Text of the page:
Notes for Modern History (Post-Independence)
Integration of the Tribals I
- The task of integrating the tribal people into the mainstream was extremely complex, given the varied conditions under which they live in different parts of the country , and their different languages and distinct cultures.
- Residing mostly in the hills and forest areas, in colonial India they lived in relative isolation, and their traditions, habits, cultures and ways of life were markedly different from those of their non-tribal neighbours.
- The preservation of the tribal people’s rich social and cultural heritage lay at the heart of the government’s policy of tribal integration.
- There were two major approaches regarding the place to be accorded to tribals in Indian society .
- One approach was to leave the tribal people alone, uncontaminated by modern influences operating outside their world and to let them stay more or less as they were.
- The second approach was that of assimilating them completely and as quickly as possible into the Indian society all around them.
- Jawaharlal Nehru rejected both these approaches. Instead of these two approaches, Nehru favoured the policy of integrating the tribal people in Indian society , of making them an integral part of the Indian nation, even while maintaining their distinct identity and culture.
- There were two basic parameters of the Nehruvian approach: ‘the tribal areas have to progress’ and ‘they have to progress in their own way’.
- The problem was how to combine these two seemingly contradictory approaches.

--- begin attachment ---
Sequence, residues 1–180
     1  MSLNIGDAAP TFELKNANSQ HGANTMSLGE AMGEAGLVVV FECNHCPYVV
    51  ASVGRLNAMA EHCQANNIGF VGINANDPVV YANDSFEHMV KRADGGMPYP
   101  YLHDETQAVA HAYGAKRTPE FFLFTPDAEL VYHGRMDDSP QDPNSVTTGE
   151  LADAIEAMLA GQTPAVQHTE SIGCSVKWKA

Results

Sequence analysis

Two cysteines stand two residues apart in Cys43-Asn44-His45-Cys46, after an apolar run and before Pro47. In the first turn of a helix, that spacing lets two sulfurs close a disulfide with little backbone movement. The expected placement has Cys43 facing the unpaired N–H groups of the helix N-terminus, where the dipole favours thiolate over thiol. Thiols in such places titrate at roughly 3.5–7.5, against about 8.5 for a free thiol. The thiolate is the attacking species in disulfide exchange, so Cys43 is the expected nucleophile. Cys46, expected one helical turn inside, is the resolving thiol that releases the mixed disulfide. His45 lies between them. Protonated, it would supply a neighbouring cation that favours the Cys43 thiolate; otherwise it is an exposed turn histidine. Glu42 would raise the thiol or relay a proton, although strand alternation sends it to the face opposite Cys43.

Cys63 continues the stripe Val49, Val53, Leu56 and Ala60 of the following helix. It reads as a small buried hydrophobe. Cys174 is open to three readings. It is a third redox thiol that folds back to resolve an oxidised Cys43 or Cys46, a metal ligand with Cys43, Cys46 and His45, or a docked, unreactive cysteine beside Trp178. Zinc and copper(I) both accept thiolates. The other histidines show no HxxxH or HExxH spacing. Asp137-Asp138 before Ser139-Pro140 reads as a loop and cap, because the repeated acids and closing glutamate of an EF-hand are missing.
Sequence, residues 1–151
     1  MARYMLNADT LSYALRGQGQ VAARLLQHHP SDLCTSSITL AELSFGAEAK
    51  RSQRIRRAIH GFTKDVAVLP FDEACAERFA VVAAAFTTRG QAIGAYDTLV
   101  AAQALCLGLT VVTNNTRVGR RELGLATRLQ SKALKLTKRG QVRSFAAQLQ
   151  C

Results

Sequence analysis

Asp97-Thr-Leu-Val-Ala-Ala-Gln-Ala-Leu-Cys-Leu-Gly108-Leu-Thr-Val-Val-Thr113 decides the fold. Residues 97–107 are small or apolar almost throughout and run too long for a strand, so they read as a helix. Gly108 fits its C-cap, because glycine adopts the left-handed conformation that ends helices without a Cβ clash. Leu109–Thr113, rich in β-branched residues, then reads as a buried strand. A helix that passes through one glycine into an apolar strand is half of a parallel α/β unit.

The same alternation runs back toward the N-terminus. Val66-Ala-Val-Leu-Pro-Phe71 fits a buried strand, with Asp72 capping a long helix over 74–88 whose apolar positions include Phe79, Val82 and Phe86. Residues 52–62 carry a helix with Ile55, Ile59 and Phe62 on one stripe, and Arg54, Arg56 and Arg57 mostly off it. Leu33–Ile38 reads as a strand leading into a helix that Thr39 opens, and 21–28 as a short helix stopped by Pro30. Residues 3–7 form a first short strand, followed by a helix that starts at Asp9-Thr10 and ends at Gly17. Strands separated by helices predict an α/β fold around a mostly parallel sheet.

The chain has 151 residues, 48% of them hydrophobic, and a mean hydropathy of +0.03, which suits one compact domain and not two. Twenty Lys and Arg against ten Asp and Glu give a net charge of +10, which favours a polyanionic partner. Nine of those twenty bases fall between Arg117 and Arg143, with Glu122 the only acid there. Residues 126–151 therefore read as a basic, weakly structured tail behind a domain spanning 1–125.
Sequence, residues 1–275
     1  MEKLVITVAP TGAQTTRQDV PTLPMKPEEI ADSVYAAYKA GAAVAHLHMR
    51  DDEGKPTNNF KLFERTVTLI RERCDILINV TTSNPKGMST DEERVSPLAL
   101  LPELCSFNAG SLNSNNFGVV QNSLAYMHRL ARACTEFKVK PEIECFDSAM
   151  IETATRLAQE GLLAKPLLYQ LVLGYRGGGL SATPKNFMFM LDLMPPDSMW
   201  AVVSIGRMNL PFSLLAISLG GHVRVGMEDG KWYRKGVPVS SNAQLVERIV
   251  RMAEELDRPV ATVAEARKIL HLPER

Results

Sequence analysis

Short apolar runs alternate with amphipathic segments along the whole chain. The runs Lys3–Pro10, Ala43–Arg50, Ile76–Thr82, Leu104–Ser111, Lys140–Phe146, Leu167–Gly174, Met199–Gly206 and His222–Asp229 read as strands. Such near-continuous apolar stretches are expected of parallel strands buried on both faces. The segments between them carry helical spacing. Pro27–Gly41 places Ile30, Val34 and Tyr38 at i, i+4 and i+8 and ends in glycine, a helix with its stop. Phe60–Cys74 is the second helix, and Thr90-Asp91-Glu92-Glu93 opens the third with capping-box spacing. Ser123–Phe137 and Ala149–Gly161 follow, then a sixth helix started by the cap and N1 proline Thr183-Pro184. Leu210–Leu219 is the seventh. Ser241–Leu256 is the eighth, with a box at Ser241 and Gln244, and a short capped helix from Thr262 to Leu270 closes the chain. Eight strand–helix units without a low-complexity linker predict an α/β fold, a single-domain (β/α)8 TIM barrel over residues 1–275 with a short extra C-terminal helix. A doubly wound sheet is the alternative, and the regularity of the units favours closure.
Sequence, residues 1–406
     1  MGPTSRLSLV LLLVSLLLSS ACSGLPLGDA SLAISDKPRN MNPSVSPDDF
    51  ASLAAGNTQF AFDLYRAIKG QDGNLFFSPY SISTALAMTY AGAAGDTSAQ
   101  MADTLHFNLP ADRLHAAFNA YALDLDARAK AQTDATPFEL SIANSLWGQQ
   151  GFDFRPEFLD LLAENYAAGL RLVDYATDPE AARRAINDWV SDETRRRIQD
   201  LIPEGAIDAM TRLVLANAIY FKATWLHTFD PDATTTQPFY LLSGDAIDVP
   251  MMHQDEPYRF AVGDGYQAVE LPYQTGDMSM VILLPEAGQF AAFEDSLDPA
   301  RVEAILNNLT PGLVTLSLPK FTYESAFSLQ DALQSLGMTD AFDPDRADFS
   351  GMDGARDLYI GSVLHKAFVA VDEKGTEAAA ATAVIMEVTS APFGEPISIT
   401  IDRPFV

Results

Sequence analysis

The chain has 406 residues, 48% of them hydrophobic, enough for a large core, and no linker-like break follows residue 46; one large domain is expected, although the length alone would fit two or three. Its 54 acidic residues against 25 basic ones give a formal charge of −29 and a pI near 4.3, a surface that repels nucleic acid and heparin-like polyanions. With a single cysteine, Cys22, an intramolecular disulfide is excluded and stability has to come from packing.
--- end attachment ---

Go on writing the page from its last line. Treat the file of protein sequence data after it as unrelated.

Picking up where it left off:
- Nehru stood for economic and social development of the tribal people in multifarious ways, especially in the fields of communication, modern medical facilities, agriculture and education. In this regard, he laid down certain broad guidelines for government policy .
- First, the tribals should develop along the lines of their own genius; there should be no imposition or compulsion from outside.
- Second, tribal rights in land and forests should be respected and no outsider should be able to take possession of tribal lands.
- Third, it was necessary to encourage the tribal languages which ‘must be given all possible support and the conditions in which they can flourish must be safeguarded’.
- Fourth, for administration, reliance should be placed on the tribal people themselves, and administrators should be recruited from amongst them and trained.
- Fifth, there should be no over-administration of tribal areas. The effort should be to administer and develop the tribals’ through them own social and cultural institutions.
- Nehru’s approach was based on the nationalist policy towards tribals since the 1920s when Gandhiji set up ashrams in the tribal areas and promoted constructive work. After independence this policy was supported by Rajendra Prasad, the first President of India, and other major political leaders.
Relevance: GS Paper II (Agriculture and Economy)
Why has this issue cropped up?
A national policy for internal migration is needed to improve earnings and enable an exit from poverty.
Issues with migration
Though migration is expected to enhance consumption and lift families out of absolute poverty at the origin, it is not free from distress —
- distress due to unemployment or underemployment in agriculture,
- natural calamities, and
- input/output market imperfections.
Drivers of internal migration
- Internal migration can be driven by push and/or pull factors. In India, over the recent decades, agrarian distress (a push factor) and an increase in better-paying jobs in urban areas (a pull factor) have been drivers of internal migration.